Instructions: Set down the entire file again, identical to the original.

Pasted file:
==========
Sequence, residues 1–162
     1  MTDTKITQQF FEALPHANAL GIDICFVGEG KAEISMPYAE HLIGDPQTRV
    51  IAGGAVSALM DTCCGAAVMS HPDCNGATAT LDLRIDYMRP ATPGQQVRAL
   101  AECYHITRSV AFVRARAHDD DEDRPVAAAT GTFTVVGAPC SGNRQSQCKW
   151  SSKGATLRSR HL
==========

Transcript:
Sequence, residues 1–162
     1  MTDTKITQQF FEALPHANAL GIDICFVGEG KAEISMPYAE HLIGDPQTRV
    51  IAGGAVSALM DTCCGAAVMS HPDCNGATAT LDLRIDYMRP ATPGQQVRAL
   101  AECYHITRSV AFVRARAHDD DEDRPVAAAT GTFTVVGAPC SGNRQSQCKW
   151  SSKGATLRSR HL